Originally posted by WanderingKing
People keep saying that you need a plan. I have never had one and I have no idea how to have it. I just can't understand the concept.
When I see that some move wins material or leads to checkmate, or pawn promotion, or impoves a piece, or whatever, I make the move, but I don't think it's a plan, is it? I understand it must be long-term and uncertain ...[text shortened]... he enemy king. How do I say to myself, "Now, I'll attack the queenside." How do I choose?
This position occured in one of my league games, playing for my chess club. I had black.
The position looks completely level. Both sides have doubled pawns on the f-file, but are otherwise very solid.
In order to make progress, I had to come up with a plan.
It was difficult to see how I could do anything on the kingside.
I could maybe do something in the centre, such as doubling rooks, but I wasn't sure what that would accomplish.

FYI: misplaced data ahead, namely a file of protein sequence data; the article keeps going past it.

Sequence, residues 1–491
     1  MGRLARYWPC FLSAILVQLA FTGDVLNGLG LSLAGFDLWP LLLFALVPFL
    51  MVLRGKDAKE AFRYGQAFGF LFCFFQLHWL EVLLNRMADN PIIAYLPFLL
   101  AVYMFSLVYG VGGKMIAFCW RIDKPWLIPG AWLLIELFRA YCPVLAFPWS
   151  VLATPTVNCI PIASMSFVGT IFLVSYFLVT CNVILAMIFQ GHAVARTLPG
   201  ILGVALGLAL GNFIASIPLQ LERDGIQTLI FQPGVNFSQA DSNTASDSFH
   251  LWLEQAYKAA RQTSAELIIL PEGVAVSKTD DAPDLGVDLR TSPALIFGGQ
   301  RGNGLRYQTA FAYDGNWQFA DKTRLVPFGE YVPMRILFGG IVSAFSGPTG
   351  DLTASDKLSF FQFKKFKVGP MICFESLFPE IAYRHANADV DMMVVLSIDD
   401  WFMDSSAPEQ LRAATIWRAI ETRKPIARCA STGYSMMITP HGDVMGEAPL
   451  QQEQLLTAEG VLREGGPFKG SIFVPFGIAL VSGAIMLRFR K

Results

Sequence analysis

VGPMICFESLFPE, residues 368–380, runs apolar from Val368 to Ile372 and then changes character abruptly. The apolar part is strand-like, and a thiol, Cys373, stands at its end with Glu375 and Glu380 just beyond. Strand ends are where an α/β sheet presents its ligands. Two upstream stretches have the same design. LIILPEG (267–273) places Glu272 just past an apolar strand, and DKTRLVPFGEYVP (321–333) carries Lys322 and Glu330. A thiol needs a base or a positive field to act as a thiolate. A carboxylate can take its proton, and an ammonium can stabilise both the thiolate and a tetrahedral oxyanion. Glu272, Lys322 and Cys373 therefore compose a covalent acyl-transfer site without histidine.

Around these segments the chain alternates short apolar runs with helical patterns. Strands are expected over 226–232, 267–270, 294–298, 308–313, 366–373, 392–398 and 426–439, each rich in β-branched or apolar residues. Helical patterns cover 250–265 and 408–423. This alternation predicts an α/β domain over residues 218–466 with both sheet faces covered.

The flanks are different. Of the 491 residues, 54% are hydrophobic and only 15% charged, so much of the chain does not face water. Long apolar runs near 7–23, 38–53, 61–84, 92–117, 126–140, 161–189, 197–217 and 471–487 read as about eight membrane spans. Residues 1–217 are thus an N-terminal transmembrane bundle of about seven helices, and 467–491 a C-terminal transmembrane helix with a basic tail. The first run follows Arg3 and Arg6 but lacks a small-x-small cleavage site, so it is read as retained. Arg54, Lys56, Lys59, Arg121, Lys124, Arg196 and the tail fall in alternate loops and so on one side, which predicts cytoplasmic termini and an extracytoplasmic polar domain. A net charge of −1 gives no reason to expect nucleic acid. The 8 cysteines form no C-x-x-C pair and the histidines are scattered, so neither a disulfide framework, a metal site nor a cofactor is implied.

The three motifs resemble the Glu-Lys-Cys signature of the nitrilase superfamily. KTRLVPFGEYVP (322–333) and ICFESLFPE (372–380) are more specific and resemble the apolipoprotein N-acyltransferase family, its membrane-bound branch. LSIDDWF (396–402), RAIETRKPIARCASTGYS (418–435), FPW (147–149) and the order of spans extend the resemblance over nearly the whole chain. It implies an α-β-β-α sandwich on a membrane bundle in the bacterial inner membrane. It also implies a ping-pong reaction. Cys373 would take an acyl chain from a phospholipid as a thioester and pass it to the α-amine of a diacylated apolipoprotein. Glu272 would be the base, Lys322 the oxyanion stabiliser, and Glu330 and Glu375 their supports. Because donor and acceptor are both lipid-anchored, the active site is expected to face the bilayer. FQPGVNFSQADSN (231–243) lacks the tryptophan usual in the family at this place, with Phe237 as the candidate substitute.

In the end, I decided to try to play on the queenside.
The plan was to push my queenside pawns and hope to open up lines and create targets for my rooks to attack.
Here is the position a few moves later. I've already made quite a lot of progress in pushing my pawns, but there is still some work to do.
I now had to decide whether to:
a) exchange on c3 in order to open up the b-file for my rook
or b) push the pawn to b3, gaining space on the queenside.
I chose the latter option.
A few moves later we reached this position.
White's pawn on b2 is the weakness that I want to target.
If I can win that pawn, I should easily win the game, because my own pawn on the b-file is so far advanced.
I first needed to bring my queen on a1 or a2 in order to attack the pawn.
The only thing left to do now is to find a way to bring my knight around to a4.
Mission accomplished! The pawn cannot be defended.
I won the pawn and the game soon after.
Here are all the moves.